All the same, over the course of the first season, critics like TV Guide's Jeff Jarvis campaigned against the show's "serial killer of the week" formula. Jarvis wrote: "All that separates it from MURDER, SHE WROTE are extra wrinkles on its star's face, extra-grisly crime scenes, some self-indulgent hooey about apocalyptic prophecies, and an overall bad mood." (Oddly enough, he was strangely effusive about the show's lead actor, calling Henriksen “mesmerizing.”) Perhaps sensing that he was losing his audience, Carter decided to shake things up in the first season's "back nine" (an additional nine episodes ordered by the network in November). His goal, he told Entertainment at Home magazine, was to "give the series a chance to roll out and show what it can do." Accordingly, he added a supernatural twist to the show. Ratings-wise, the plan didn't work. MILLENNIUM finished the 1996-97 season ranked a lowly #94 in the Nielsens.
Fox remained hopeful and renewed the series while the creator moved on to Plan B. Carter hired writers Glen Morgan and James Wong to oversee the second season, and gave them free rein to put their own spin on the show's mythology. In a July 1997 interview with USA Today, Wong spoke about breaking up the "serial killer of the week" mold and focusing more on the mysteries surrounding the Millennium Group: "We're taking that story a step up into the metaphysical world, and we might be in that area of wonder, horror and the paranormal." In other words: making it more like THE X-FILES. Fox president Peter Roth, and even Chris Carter himself, called season two an “evolution” of the original vision, and Henriksen told On Sat writer Linda Yovanovich, "It's almost as though the first year as sort of the background of everything. And this year, it's going to [come to] fruition."
Halfway through the second season, Henriksen gave Orange County Register reporter Kinney Littlefield a clear vision for the future of the show: “I would like to see Frank as a loner going through a kind of hero's journey, like the one in Joseph Campbell. I think a new kind of ritual must be constructed to lead us into a new age." Nearly a year and a half later, when it came time for the actor to reflect on season three, Henriksen told fans in an AOL Celebrity Chat that he wanted to see the character continue to evolve, or to be abruptly stopped in his tracks. "My desire,” he said, “would be to de-program him or shoot him. No in-between." With six episodes remaining to be shot, he was already thinking about making a feature film as a capstone for the series. He commented, "This is the perfect time for a MILLENNIUM film. It would be shot this summer so it'll come out at the end of the year. What we can do would be a knockout. If Chris wrote it and we did it, I think we'd be in great shape... I hope Fox is watching this and getting the idea."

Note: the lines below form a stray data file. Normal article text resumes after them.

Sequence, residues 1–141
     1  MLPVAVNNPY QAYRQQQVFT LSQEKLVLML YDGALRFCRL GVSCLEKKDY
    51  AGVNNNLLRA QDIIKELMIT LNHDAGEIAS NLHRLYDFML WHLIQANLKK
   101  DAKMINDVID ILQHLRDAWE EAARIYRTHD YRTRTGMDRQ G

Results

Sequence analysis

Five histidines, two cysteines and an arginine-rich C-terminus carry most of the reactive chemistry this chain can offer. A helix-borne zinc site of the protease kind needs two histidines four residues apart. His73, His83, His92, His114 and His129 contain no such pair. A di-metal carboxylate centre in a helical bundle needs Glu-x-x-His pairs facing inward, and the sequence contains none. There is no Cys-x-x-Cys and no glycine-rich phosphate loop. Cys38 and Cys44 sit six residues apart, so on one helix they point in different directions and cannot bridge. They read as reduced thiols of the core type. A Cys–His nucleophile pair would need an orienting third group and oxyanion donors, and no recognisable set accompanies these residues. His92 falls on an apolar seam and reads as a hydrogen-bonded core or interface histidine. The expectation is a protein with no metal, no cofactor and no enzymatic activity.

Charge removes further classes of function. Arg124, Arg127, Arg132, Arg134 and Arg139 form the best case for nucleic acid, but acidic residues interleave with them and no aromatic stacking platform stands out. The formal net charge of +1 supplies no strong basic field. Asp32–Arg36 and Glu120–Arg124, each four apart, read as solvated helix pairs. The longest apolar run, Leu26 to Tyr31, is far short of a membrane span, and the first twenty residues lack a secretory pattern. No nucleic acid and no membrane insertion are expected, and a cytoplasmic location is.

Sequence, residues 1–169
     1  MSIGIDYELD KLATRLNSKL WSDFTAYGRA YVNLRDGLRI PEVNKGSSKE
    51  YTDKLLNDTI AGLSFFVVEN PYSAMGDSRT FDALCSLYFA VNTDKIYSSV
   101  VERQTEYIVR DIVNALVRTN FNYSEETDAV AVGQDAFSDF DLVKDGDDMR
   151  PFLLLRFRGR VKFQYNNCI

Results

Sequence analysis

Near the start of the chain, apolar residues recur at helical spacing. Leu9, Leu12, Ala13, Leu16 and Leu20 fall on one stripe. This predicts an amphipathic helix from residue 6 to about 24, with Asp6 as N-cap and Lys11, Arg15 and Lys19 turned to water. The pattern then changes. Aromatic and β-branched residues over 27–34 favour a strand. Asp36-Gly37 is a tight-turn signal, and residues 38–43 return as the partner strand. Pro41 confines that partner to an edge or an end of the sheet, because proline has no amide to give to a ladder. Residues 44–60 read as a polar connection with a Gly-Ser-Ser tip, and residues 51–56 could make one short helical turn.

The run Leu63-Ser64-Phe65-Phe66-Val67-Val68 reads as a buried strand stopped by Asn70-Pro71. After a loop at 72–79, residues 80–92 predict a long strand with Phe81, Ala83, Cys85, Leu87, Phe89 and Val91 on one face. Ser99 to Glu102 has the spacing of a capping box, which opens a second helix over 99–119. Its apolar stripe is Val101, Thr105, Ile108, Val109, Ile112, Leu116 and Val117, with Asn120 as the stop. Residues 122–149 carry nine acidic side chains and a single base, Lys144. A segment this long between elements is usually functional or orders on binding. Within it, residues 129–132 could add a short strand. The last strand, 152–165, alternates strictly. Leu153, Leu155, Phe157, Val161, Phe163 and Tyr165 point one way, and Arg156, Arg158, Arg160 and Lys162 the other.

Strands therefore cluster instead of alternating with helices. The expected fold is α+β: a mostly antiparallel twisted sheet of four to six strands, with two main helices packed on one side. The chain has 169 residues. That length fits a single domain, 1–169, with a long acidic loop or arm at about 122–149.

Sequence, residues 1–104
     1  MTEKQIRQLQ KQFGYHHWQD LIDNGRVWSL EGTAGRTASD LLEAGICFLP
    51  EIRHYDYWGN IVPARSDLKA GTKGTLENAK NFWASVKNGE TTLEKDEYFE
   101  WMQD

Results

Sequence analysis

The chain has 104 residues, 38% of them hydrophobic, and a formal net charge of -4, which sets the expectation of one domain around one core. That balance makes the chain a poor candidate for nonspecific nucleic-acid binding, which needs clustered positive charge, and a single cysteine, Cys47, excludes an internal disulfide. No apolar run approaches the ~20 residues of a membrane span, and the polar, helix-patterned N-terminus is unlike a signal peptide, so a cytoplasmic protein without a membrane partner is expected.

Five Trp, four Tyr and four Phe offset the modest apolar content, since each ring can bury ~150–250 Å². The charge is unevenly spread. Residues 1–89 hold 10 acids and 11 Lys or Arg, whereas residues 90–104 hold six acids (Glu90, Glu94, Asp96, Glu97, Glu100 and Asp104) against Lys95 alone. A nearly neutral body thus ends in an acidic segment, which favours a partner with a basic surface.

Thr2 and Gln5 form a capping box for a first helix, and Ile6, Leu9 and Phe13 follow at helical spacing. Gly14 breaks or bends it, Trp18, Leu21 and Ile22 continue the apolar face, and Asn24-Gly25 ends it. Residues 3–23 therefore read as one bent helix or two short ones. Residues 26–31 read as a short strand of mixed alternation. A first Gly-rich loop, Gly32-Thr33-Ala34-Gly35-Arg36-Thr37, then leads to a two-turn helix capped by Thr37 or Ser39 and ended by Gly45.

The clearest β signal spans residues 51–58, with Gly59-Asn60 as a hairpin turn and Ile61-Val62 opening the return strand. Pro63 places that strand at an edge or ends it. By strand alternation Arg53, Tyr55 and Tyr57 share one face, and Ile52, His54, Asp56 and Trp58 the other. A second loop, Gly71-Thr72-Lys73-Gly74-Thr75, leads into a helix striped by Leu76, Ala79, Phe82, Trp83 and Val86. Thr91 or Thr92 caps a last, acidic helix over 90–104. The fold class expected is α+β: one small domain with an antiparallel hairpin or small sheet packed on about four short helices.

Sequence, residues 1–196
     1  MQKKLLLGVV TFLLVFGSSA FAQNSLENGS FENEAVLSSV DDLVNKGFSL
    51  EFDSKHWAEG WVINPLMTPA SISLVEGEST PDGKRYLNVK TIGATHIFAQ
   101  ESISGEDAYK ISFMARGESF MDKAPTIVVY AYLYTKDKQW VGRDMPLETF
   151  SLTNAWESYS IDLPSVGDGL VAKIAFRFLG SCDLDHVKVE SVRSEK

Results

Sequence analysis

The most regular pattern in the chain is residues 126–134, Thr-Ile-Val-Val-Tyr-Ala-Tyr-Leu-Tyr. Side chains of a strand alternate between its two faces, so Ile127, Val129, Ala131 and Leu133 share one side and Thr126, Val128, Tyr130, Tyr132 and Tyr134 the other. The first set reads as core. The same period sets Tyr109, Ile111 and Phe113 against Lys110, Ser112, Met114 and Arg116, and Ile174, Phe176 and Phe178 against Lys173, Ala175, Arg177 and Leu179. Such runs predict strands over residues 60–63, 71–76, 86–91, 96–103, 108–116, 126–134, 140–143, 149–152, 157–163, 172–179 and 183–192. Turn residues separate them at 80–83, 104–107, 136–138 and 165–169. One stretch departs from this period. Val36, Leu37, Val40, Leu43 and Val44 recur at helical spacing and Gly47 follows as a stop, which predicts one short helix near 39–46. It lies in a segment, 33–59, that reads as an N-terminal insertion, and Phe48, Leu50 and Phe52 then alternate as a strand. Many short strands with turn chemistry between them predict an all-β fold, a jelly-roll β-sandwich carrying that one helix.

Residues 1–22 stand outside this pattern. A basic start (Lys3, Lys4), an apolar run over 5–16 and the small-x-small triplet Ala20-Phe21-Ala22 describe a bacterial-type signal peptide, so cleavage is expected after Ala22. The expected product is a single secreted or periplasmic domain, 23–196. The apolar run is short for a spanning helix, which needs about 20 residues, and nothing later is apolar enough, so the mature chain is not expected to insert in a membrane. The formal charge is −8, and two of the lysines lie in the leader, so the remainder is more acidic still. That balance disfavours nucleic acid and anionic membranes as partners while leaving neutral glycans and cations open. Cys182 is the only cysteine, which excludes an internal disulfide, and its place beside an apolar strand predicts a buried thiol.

Instead, when the series was canceled after the end of season three, Fox bid farewell to Frank Black via a guest appearance on an episode of THE X-FILES... an idea that Henriksen was never fond of. The two series, he explained, belong to "different sides of the brain, in a way." He compared playing Frank Black in THE X-FILES universe to falling in love with a photo of a girl who died in the 1800s. Since then, he has repeatedly said: Frank Black's story is not done.
In a 2001 interview for TV Zone, Henriksen reflected on the changes of direction in the series as a whole. He opined, "Chris Carter was much more honest to the original idea which was of this character, Frank Black, and his world. If Chris had stayed with it, it would have evolved even better and been more hardcore." He remains eager to get back to that original concept of Frank Black, and to give Frank Black the closure he deserves. And he’s not alone. MILLENNIUM fans are waiting for Frank Black to lead us into a new age – a post-millennial world that has shown us darkness on a scale we could scarcely have imagined in 1996. Even though the world has changed significantly over the last ten years, Carter’s empathetic hero still embodies the “appropriate response to the world we live in”… and we need him more now than ever.
Join the campaign for the return of Frank Black.
Labels: Lance Henriksen